Bilingual preschool children can use digital tablets as a special resource. They can listen to books in their language, use pedagogical applications, and communicate with children in other preschools using for example Skype—which is particularly important for children that speak minority languages. This was found in a new thesis from Uppsala University.
'My study shows that active work with digital tablets in preschool settings is a good way to facilitate children's communication, especially for the youngest children who cannot yet read or write. The digital tablets can become considerably important to children with other first languages, since the teachers often have no knowledge of their language,' says Petra Petersen, researcher at Uppsala University.
There are five minority languages in Sweden, and in 74 municipalities, children have the right to attend preschool in the minority languages Finnish, Saami and Meankieli. In her thesis Petra Petersen has studied preschool groups with children aged one to six, including Finnish-Swedish bilingual children.
'Since not all the teachers spoke Finnish, it was difficult for them to come up with activities in the minority language. It is of course possible to borrow Finnish books at the library, but who is going to read them, if the teachers can't? It can be difficult for teachers to create multilingual activities, but using digital tablets they can inspire the children and stimulate their interest in languages in general. One way of doing this is to together find out what different things are called in the minority language,' Petra Petersen says.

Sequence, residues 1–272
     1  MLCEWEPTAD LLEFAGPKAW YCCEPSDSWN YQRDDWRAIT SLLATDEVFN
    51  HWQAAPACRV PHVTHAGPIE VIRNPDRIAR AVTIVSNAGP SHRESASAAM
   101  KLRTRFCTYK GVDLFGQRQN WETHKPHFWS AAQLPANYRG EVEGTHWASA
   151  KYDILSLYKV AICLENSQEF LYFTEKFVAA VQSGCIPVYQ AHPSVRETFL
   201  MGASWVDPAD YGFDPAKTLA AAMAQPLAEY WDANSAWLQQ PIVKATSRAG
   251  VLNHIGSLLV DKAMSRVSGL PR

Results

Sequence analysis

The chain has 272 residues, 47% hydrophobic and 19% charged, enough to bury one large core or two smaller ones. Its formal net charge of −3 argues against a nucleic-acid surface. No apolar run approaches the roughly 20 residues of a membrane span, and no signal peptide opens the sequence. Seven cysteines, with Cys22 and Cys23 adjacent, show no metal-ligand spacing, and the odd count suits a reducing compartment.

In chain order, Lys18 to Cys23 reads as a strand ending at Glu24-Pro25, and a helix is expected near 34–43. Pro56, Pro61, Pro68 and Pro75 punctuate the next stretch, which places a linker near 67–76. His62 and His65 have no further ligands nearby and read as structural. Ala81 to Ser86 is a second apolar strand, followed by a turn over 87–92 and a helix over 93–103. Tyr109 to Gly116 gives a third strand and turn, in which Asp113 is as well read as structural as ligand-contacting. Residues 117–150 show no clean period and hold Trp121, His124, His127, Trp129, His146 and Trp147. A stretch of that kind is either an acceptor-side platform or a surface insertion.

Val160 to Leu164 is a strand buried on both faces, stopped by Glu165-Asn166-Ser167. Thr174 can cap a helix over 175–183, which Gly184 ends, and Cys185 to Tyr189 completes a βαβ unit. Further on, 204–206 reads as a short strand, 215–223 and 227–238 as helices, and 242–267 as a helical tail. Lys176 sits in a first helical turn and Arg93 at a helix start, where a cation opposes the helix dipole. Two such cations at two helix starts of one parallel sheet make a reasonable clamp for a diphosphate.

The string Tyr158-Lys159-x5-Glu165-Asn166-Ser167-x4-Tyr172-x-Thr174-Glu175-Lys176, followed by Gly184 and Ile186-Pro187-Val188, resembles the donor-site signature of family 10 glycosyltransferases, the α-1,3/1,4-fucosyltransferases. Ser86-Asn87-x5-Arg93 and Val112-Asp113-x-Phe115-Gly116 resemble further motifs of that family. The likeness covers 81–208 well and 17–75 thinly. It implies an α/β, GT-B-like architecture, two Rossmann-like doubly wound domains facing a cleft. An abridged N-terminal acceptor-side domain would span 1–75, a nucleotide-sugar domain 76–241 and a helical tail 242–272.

Regardless of which language is used, digital tablets have didactical implications for all children since much of the communication is based on for example pictures, and not on the ability to read or write. This, in its turn, can reduce children's dependence on adults and at the same time make it possible for the children to use their own creative abilities.
'It is not about children sitting alone with the digital tablet to save teachers' time. Instead the focus is on children being able to work independently and focus on what they want to do, without having to rely on an adult´s explanation of how they should do it. The applications of course have to be chosen with care, to make sure they support the children's learning processes.'
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